The mystery of Eucharist clarifies and delineates Christianity from the other religions of the world. We have many things in common, but Christianity is the only religion that says that God became a human body; God became flesh, as John’s Gospel puts it (1:14). Our fancy theological word for that is the Incarnation, the enfleshment. It seems that it is much easier for God to convince bread of what it is than for God to convince us. Incarnation is scandalous, shocking—cannibalistic, intimate, sexual! He did not say, “Think about this,” “Fight about this,” “Stare at this;” but He said “Eat this!” A dynamic, interactive event that makes one out of two.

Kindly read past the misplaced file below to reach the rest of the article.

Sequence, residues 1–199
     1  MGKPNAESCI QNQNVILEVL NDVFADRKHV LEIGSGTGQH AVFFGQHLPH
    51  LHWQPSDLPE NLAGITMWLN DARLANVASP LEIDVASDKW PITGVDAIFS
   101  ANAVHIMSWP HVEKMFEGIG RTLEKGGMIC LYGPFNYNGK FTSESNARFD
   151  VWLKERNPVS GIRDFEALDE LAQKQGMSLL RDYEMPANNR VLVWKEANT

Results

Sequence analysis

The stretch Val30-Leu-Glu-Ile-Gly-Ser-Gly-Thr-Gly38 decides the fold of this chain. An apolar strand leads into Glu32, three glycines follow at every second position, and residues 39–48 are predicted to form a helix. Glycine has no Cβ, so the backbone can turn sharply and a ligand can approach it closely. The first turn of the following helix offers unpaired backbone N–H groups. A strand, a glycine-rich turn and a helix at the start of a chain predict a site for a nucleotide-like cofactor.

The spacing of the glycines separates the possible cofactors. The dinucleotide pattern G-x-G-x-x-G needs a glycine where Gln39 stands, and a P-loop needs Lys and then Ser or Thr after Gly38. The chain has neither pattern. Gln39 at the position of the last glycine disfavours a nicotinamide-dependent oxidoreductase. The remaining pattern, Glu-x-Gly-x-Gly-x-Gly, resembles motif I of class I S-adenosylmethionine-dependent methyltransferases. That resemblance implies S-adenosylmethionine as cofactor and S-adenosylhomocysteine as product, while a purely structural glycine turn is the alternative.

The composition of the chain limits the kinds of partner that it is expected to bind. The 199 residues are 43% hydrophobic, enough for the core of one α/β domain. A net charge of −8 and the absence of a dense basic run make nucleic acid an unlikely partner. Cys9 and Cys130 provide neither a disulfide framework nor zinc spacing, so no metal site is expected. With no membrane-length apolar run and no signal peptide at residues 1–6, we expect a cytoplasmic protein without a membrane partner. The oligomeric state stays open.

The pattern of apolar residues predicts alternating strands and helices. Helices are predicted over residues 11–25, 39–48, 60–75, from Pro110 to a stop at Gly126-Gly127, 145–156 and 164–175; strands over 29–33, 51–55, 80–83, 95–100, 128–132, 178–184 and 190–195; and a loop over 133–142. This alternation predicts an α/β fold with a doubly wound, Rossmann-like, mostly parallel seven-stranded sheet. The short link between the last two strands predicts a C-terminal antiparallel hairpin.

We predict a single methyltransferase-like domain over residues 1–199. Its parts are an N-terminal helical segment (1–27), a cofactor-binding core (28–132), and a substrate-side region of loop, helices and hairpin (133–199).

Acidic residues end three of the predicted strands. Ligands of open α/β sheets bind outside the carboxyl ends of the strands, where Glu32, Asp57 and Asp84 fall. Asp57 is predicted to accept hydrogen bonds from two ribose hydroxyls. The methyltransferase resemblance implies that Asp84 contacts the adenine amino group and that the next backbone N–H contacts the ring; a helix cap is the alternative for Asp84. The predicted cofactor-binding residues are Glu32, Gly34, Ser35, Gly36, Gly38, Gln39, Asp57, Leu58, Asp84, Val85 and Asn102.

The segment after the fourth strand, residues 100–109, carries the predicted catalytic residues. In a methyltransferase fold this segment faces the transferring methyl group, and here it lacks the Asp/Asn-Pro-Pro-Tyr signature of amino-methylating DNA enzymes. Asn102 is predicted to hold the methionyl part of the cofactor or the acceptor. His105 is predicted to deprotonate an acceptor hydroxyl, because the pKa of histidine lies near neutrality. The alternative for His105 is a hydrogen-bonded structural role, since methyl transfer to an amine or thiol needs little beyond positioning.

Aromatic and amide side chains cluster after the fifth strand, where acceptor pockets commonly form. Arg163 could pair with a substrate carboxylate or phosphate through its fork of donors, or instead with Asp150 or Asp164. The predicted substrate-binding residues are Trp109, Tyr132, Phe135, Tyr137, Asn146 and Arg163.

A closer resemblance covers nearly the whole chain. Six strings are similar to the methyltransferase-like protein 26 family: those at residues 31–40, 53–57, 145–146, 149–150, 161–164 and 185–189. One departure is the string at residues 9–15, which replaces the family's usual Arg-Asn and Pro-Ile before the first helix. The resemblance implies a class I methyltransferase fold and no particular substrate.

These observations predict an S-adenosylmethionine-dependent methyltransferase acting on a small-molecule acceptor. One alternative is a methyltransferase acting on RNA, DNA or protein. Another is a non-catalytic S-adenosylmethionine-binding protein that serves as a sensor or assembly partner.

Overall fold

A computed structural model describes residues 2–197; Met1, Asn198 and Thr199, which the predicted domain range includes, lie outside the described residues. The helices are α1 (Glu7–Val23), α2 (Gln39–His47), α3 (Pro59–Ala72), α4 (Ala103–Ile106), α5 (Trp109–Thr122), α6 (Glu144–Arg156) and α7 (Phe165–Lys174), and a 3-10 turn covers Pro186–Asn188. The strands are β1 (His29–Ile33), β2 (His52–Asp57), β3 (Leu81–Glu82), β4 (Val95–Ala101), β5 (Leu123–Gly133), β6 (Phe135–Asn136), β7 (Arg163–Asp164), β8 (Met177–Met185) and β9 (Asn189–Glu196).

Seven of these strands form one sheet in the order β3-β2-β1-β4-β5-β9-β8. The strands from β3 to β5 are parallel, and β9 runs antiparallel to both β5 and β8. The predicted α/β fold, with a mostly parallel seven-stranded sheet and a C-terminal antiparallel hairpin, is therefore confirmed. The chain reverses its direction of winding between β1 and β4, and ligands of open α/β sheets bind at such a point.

If we did not have the Eucharist, we would have to create it; sometimes it seems that outsiders can appreciate it more than Christians. As Gandhi said, “There are so many hungry people in the world that God could only come into the world in the form of food.” It is marvelous, that God would enter our lives not just in the form of sermons or Bibles, but in food. God comes to feed us more than just teach us. Lovers understand that.
Prayer: Eucharisteo. I give thanks.